Nashville, Tenn.—A nursing initiative to assess noise in the OR has exposed the dangerous decibel levels encountered by surgical staff and patients on a daily basis, according to data presented at the Association of periOperative Registered Nurses 2019 Global Surgical Conference & Expo.
Noise measurements made in real time at randomly selected multisurgery specialty ORs revealed sound levels comparable to a hairdryer or bulldozer during critical times of surgery on both surgical count and anesthesia emergence. The study authors emphasized that these results provide strong evidence to support more restrictive noise policies in the OR.
“We knew the OR was loud, but we’re just now realizing the extent of the problem,” said Glendyle Levinskas, BSN, RN, CNOR, of Vanderbilt University Medical Center, in Nashville, Tenn., and the lead author of the study. “The clinically and statistically significant findings of this study suggest an increased risk of negative health effects on staff and patient safety.”
As Ms. Levinskas reported, a review of the literature showed that noise can cause distractions to novice surgeons that can affect their performance, may lead to ineffective communication of critical information, and decreases auditory processing functions of surgeons. Noise also can increase risk for surgical site infection in patients. Additionally, according to Ms. Levinskas, noise has been shown to cause stress and heart disease, and increase risk for hearing loss. It wasn’t until she experienced the problem firsthand, however, that these hypothetical risks became real.
“During a difficult intubation, I witnessed a CRNA state very loudly, ‘Quiet please,’” Ms. Levinskas recalled. “The music and conversation among the surgical team was causing a serious distraction and preventing her from performing her job effectively. At that moment, I decided to initiate [a] noise reduction project.”
According to Ms. Levinskas, the volume of music in particular has become one of the staff’s major concerns. While some of the OR staff may be aware of the increasing presence of noise, the extent of the problem remains unknown.
“The staff are unaware of how loud the OR really is or how it’s affecting the communication and focus of providers,” Ms. Levinskas said, who noted that noise in the OR remains unmonitored and unregulated at her academic institution. “Because we don’t have a noise policy in place, I thought it would be beneficial to assess the problem and see how we can intervene.”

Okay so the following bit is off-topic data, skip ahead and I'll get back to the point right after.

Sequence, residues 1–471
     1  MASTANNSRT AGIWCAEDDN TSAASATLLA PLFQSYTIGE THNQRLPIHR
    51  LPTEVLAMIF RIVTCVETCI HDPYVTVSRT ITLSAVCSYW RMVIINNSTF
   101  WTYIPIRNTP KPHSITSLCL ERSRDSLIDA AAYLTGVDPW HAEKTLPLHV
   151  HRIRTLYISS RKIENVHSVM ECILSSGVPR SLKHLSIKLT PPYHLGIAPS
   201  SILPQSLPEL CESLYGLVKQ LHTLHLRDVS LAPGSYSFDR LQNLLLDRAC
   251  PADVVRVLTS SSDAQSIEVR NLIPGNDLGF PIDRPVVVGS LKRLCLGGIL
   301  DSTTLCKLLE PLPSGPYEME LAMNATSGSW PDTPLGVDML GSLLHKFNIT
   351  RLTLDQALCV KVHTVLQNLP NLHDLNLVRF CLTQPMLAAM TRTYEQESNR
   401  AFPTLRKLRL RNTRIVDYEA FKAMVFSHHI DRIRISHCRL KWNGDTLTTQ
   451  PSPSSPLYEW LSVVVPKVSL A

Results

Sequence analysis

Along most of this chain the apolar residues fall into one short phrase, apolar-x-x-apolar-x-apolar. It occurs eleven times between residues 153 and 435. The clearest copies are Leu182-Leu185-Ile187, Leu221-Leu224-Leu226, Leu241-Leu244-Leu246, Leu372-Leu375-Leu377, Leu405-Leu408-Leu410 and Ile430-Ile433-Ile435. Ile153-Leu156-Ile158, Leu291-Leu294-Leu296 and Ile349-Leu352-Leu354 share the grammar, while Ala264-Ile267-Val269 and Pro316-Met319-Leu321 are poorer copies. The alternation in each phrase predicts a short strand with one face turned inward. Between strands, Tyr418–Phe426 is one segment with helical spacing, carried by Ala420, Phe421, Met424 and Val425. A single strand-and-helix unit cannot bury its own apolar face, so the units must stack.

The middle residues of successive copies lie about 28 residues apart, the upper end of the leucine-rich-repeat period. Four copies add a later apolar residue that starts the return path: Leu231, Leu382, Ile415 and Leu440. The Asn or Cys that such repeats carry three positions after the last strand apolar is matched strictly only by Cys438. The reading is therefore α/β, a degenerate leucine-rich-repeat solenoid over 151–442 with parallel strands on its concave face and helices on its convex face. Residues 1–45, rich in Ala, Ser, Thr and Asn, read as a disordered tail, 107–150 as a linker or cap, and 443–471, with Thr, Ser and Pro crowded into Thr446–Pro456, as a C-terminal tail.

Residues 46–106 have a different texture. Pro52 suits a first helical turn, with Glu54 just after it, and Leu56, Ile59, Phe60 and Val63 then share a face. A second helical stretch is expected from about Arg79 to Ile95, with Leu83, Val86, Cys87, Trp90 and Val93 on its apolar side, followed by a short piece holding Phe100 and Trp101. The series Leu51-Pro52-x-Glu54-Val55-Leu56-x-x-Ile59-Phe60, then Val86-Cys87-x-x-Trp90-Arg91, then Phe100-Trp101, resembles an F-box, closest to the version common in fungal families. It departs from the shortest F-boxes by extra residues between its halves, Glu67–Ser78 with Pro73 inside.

For this observational study, Ms. Levinskas and her colleagues used the National Institute on Occupational Safety and Health Sound Level Meter app and an iPhone app, with a calibrated external microphone to measure sound levels during critical times of surgery. In September 2017, the researchers made 60 noise level measurements in randomly selected multisurgery specialty ORs during surgical count (n=30) and anesthesia emergence (n=30). Sound levels were measured at a four-foot perimeter from the OR table, at the foot of the table during surgical count, and at the head of the bed during anesthesia emergence for consistent points of reference of location.
“There are several critical times in the OR throughout the entire surgical procedure,” Ms. Levinskas explained. “We chose the surgical count because it’s a critical time for the scrub tech and nurse, while anesthesia emergence is a critical time for anesthesia providers.”
A Setting for a Symphony of Noise
As Ms. Levinskas reported, average noise levels in the OR at critical times far exceeded safe sound recommendations for indoor hospitals based on World Health Organization and U.S. Environmental Protection Agency values of 30 and 45 dBA, respectively. According to the real-time data collected, the OR noise level during critical times reached a mean maximum of 86.9 dBA—close to the level of a hairdryer.
“Technology definitely makes our jobs easier in many ways, but it can also be a distraction to the staff,” Ms. Levinskas observed. “Everybody now has electronic devices, and when you combine that with other equipment in the OR as well as background conversation, it’s like a symphony of noise production.”
Having identified and assessed the problem, Ms. Levinskas and her colleagues are looking to increase staff awareness and strategize solutions for OR noise reduction.
“I believe OR noise assessment is the first step in noise reduction. When we recognize we have a problem we can move forward. We are now hoping to organize a multi-disciplinary team to devise strategies that we can implement to control noise levels. Although noise is unavoidable in the OR, there are certain critical times that really demand quiet.”
Elizabeth Card, MSN, APRN, FNP-BC, CCRP, a nursing research consultant at Vanderbilt University Medical Center and the co-author of the study, said even though certain sounds in the OR are unavoidable, there is still much that can be done to improve the health and safety of the surgical staff and patients.
“We’re not going to be able to control the sounds of the air exchange, for example, but there are a lot of other things we can control, such as the volume of discussion or the music that goes on,” said Ms. Card, who also praised Ms. Levinskas’s study. “This is a fantastic example of a clinical nurse who is immersed in the work and recognizes that there is a problem, and given the proper support and resources, is able to change practice based on evidence. That’s one of the things we’re so proud of the nurses being able to do at Vanderbilt.”